(Bloomberg) -- President Donald Trump’s aggressive approach to recasting U.S. partnerships and his direct assault on the World Trade Organization will unwind decades of progress and return global commerce to a free-for-all, according to an internal European Union memo.
The note, prepared for EU governments ahead of a June 28-29 summit where trade will be discussed, reflects the growing strains between traditional allies. It said Trump’s policies will force nations to revert to a Machiavellian system where might prevails.
“The rules-based multilateral trading system is facing its deepest crisis since its inception,” according to the memo, which was obtained by Bloomberg. The challenge could lead to a “20-year step backward in global economic governance. It would mean going back to a trading environment where rules are only enforced where convenient.”
The global battle over trade is already under way, threatening to impair growth. The world’s biggest central bankers have warned that trade tensions are damaging confidence, posing a danger to the worldwide economic expansion. After a series of escalating broadsides, the U.S. has said it may impose tariffs on at least $250 billion of Chinese products, with Beijing vowing a proportionate response. The EU placed duties on 2.8 billion euros ($3.3 billion) of American imports last week, retaliating for American metal levies.
‘WTO is Unfair’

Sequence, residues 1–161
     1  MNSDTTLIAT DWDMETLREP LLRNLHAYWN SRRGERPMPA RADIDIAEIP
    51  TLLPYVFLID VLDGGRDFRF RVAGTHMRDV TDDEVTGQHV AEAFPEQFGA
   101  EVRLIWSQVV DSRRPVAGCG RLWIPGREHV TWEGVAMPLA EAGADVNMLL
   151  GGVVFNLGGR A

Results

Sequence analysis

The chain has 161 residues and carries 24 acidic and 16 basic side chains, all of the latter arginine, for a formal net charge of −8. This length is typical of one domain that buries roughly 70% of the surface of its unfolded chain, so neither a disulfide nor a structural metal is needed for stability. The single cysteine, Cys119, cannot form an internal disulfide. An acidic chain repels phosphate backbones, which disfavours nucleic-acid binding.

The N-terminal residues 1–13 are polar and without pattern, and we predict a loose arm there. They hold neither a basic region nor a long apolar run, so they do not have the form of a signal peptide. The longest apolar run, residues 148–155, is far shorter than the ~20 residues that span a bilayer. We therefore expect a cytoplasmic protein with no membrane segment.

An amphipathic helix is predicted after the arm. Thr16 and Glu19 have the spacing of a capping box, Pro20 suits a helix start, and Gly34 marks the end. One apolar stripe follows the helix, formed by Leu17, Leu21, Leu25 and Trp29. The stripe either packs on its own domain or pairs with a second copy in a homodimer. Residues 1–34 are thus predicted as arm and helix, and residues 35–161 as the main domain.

Trump’s wrecking-ball approach, using antiquated laws and leveraging seldom-used loopholes including those that invoke national security, has sown fear that the president intends to undermine the WTO, the Geneva-based adjudicator of trade disputes. In April, Trump tweeted: “The WTO is unfair to U.S.”
Since August, the U.S. has blocked nominees to the WTO’s appellate body -- a key forum for mediating disputes -- saying it’s overstepped its mandate. If the U.S. continues its hold, the body will be paralyzed by late 2019 because it will lack the three panelists required to sign off on rulings.
“The WTO and the rules-based system is like oxygen: when it is there, you take it for granted, but once it is gone, we will all struggle to survive,” J.S. Deepak, India’s ambassador to the WTO, said last month.
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Trump has relied on a Cold War-era law -- Section 232 of the Trade Expansion Act of 1962 -- to impose tariffs on steel and aluminum products, saying the imports threatened national security. The White House argued that the WTO has no authority over such disputes because the organization’s rules permit countries to take “any action” to protect their “essential security interests.” Trump has threatened to use the same justification for a 20 percent tariff on European car imports.
The U.S. actions “flout the WTO rulebook,” according to the EU memo, and the bloc’s trade commissioner, Cecilia Malmstrom, has called the tariffs “ridiculous” and “illegal.” Trade officials are concerned that the WTO could be sidelined if countries increasingly cite the national-security exemption to justify their trade restrictions.
To defend the multilateral trading system, the European Commission, the bloc’s executive arm, is seeking a mandate from its 28 member states to begin reforms of the WTO, according to the memo. They want to modernize the organization to make it more flexible, and to make sure the rules are effective and efficient, addressing some of Washington’s main complaints.
The EU views the threat as potentially existential, writing in the document that the current situation poses a major risk for the EU, “both for the stability of the political order and for the sustainability of economic growth.”
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